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The gut contents of Sagitta enflata collected near the Chesapeake Bay Light Tower were analyzed with respect to number, diet, time of day, depth and prey density. The results were compared to those of an earlier study of this species in the Gulf Stream near Miami, Florida. Feeding
in this expatriate population was at half the rate of the sub-tropical population. The diet was dominated by copepods. Feeding rate was independent of the time of day and those chaetognaths feeding nearest the surface were the most active feeders. Feeding was also independent of prey density.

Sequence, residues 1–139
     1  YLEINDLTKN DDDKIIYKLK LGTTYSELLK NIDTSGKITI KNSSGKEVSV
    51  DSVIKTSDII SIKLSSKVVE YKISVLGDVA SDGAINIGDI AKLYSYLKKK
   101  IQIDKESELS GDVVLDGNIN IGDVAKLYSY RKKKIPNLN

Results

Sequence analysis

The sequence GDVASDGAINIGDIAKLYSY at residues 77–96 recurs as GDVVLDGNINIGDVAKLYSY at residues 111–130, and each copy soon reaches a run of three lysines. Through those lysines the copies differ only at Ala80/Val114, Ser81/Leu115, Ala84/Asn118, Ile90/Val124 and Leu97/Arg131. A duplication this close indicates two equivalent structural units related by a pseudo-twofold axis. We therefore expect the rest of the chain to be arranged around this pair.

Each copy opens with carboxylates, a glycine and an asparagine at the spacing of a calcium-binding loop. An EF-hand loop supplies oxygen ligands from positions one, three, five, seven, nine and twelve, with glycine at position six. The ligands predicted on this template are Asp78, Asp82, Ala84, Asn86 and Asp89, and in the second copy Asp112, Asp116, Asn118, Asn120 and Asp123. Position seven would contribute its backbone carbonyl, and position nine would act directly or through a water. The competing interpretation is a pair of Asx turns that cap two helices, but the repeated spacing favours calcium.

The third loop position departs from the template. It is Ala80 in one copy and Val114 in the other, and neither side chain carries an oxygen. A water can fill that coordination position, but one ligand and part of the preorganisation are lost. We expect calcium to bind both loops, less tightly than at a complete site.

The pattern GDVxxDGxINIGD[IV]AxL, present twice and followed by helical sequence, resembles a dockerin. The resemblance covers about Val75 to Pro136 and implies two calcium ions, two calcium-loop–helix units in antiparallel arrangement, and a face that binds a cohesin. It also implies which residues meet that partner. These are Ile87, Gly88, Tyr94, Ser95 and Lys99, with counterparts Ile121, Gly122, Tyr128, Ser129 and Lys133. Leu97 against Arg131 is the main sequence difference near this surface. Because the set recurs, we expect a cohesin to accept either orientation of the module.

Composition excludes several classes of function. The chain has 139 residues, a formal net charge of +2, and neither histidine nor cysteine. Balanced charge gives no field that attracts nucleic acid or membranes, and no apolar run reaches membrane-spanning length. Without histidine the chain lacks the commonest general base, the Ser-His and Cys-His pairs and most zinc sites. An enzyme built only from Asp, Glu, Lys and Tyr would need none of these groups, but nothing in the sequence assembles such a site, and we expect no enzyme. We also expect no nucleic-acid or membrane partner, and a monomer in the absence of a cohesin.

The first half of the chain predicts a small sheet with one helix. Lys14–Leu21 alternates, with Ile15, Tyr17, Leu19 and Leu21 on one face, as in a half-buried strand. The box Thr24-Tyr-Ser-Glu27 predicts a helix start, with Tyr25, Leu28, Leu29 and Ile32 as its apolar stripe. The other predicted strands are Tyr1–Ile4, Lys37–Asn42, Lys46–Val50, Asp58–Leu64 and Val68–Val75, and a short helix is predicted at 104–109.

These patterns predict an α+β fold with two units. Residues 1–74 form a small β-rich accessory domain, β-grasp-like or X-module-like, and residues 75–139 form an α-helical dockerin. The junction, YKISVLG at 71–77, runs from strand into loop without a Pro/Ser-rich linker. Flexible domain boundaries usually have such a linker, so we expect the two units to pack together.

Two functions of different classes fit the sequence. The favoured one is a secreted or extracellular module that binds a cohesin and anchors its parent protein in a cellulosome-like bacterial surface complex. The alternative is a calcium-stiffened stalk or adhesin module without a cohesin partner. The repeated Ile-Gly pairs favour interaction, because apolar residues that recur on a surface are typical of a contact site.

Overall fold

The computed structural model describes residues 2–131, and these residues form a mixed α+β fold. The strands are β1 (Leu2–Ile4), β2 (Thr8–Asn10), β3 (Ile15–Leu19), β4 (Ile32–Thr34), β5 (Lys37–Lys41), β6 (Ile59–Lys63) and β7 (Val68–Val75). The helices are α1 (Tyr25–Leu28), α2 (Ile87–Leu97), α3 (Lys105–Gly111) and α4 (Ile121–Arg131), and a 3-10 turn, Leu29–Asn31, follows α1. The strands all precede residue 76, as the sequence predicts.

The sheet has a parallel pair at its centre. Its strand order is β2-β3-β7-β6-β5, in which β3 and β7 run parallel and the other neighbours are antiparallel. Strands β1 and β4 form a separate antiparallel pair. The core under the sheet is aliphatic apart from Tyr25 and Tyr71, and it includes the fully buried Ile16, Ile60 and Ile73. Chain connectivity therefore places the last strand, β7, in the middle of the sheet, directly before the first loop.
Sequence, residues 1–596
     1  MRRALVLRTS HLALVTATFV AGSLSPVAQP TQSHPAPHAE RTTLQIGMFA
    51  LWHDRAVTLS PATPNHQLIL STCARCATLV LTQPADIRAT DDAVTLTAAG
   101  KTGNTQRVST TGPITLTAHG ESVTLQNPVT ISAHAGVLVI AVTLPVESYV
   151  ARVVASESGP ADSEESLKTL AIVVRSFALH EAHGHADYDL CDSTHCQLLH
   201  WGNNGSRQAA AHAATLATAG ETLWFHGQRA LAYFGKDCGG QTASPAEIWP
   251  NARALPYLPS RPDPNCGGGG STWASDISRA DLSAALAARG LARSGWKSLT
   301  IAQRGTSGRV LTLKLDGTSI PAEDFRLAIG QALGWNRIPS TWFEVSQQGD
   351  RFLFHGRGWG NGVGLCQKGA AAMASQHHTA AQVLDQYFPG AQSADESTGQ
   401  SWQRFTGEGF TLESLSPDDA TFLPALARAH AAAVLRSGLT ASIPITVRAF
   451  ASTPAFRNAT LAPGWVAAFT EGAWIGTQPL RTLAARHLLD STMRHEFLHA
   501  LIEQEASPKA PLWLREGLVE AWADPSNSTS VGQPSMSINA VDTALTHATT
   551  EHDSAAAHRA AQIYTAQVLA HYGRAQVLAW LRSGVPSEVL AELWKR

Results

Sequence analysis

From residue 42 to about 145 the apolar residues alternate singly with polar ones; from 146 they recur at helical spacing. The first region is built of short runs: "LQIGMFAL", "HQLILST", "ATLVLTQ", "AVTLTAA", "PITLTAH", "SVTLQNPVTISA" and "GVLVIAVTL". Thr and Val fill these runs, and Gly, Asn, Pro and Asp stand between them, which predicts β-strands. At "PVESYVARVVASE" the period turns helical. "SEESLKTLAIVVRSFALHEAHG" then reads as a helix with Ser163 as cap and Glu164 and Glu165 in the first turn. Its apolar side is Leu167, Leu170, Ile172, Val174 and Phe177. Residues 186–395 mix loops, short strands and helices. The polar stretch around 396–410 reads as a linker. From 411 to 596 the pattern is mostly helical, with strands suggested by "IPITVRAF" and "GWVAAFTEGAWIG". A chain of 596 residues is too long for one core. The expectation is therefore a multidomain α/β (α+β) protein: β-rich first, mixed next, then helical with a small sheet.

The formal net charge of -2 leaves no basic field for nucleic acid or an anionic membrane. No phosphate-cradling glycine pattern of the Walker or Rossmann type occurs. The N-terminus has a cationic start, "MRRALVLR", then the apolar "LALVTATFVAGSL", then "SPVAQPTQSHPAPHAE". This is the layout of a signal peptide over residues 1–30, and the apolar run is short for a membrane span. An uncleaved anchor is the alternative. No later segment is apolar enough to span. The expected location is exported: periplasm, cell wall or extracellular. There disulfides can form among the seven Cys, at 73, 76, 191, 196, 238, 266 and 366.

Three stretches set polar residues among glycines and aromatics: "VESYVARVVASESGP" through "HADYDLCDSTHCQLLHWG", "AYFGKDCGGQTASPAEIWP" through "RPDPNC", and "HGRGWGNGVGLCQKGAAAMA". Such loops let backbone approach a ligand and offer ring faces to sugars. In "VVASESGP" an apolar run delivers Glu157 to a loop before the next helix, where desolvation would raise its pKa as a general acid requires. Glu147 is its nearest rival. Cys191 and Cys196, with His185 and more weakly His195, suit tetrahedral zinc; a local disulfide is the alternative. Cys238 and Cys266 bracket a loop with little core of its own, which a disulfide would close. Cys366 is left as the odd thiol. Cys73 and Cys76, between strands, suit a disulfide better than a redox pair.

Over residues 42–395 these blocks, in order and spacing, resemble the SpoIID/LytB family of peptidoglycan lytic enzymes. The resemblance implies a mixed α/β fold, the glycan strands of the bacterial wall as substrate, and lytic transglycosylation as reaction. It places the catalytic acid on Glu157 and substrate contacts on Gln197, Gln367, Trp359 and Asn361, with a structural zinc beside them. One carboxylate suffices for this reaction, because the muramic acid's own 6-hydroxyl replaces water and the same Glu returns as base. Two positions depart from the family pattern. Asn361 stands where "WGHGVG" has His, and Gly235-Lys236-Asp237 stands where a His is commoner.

Only 5% of the S. enflata were caught below the thermocline. These were apparently dying organisms.
The Bulletin of Marine Science is dedicated to the dissemination of high quality research from the world's oceans. All aspects of marine science are treated by the Bulletin of Marine Science, including papers in marine biology, biological oceanography, fisheries, marine affairs, applied marine physics, marine geology and geophysics, marine and atmospheric chemistry, and meteorology and physical oceanography.